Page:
Following our science unit on the Earth’s energy, we took a trip to the Southeastern Chester County Refuse Authority (SECCRA).  On the way to the landfill, our teacher asked us what came to mind when we first thought about a landfill.  We said smelly, dirty, and, overall, rather gross.  However, when we got to the landfill and started our tour, I was impressed by how environmentally aware and concerned they were.  We started our tour by talking about how they layered and “protected” the trash.  On the bottom, they have a thick layer of compacted clay.  On top of the clay, there is a synthetic plastic layer which keeps the chemicals and “garbage juice” from leaking into the surrounding soil.  They have another synthetic layer on top of the first, separated by a felt layer.  They had dirt on the first synthetic layer, and on top of the dirt they had gravel.  The trash went on top of the gravel, and it was all covered up by a cover, which looks like just a hill when plants are growing on it.  We also talked about how pipes in the layering below the trash take in the “garbage juice” and filter it so that it is clean enough to drink.  However, the DEP does not allow them to use it for many things.  We also talked about how they collect methane and burn it to generate electricity.

After our talk, we drove through the property to see how everything worked.  We started by driving to the new landfill and watching the work that was going on there.  There were a lot of birds by the open trash, and a big machine was driving over the trash, compressing it.  We then continued on to their two ponds.  The first one is very silty, and there is a small land barrier between that pond and the second one.  The second one is cleaner water, and we saw some geese and two ducks swimming in it.  It also has a stream which flows from the pond.  We drove through some woods on their property to get to their lake. We also saw their recycling center.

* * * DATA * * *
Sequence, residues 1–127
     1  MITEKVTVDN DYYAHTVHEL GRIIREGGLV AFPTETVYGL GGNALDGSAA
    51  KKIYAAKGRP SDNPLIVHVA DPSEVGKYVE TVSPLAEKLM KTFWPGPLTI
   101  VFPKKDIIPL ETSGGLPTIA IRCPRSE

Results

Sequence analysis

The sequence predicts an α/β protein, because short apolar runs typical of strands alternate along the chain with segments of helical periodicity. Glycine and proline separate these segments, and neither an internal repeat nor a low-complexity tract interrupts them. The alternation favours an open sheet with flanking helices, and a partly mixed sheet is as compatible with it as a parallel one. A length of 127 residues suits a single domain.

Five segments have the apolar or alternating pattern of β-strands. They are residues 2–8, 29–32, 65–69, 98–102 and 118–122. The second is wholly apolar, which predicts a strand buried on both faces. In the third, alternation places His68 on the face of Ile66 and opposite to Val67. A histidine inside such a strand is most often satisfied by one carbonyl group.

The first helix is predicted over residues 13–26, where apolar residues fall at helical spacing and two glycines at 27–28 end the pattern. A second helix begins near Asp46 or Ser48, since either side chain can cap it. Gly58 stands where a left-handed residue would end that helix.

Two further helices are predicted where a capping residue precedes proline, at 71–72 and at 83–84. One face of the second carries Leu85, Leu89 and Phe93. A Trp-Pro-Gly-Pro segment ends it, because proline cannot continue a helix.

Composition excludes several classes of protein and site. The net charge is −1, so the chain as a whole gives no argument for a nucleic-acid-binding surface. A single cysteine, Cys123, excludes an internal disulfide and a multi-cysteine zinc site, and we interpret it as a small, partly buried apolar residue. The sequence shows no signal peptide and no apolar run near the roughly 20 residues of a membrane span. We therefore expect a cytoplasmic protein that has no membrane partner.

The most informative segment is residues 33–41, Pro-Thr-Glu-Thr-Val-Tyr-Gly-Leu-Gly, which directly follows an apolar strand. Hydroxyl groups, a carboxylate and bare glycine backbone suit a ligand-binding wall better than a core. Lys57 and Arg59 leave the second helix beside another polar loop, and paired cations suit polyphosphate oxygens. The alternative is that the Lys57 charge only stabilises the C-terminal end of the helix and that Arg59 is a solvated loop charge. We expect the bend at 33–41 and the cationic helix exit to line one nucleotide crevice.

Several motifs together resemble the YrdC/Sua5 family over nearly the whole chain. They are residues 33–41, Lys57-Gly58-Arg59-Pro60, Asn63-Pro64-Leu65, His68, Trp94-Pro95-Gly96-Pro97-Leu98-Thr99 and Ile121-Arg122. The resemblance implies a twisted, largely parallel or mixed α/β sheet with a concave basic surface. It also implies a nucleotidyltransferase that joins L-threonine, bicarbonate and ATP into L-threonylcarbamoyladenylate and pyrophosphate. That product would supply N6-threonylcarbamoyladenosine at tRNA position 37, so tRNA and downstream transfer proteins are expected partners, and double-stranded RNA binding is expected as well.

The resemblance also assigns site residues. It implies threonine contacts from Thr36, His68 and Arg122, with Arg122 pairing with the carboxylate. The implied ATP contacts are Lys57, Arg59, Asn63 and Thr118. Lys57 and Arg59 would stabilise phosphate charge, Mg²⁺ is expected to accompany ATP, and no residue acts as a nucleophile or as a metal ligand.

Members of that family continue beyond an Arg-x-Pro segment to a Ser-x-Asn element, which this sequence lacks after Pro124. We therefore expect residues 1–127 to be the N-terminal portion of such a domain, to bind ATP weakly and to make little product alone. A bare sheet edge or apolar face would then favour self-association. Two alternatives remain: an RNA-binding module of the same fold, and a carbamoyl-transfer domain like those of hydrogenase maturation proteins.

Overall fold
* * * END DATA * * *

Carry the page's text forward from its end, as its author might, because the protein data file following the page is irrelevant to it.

I am excited for our field trip to New York on Thursday!

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Science Field Trip 4/14/15

Today, we spent our morning at the South Eastern Chester County Refuse Authority (SECCRA). This place is also known as a landfill. Now, you might say, “Why would you take your students to a place of trash?” Frankly, I was wondering the same thing, until we arrived at SECCRA and I began to realize all the thought and effort put into a landfill.

When we pulled into the parking lot a few minutes early, we talked about what pops into your head when you hear the word landfill. We said words like “smelly” and “nasty.”

As we walked inside, we were greeted by our tour guide Steve. He took us into the conference room in the meeting house and showed us a presentation. The presentation included a diagram of the layers in each hill of garbage. There are so many different sheets in each hole in the ground. One of them is High-density polyethylene, or HDPE. This is a plastic like texture that makes sure none of the “garbage juice” gets through and hurts the ground beneath it. Also, if it does get through this cat, there is hard, solid clay underneath, and almost nothing can get through that.

After the presentation, we all went outside and got into Steve’s car, which is how we toured to property. We saw trash being squished, trash being buried, trash being dumped out of a truck. It was so amazing how there wasn’t much of a smell to it all!

I found it so cool how committed they were to being good neighbors to the people who live nearby. They don’t want any trash in their yards! There were all kinds of nets around the property to make sure no trash blew away. There were wells surrounding the perimeter to make sure no trash seeped into the pipes and got into the water. It was all so precise.

I learned so much today. Some might say that they would never go a landfill again, but I would say, “SO MUCH FUN!”

🙂 🙂 🙂

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Virtual Museum 4/13/15

This morning, we came in prepared for a busy day.

The first thing we did was work on our virtual memorial museum for the top most known genocides. Because we just finished a segment on this topic, we are doing a project to share what we learned. We are using a template on PowerPoint to create an online memorial where you can click on different rooms to go in and see different artifacts.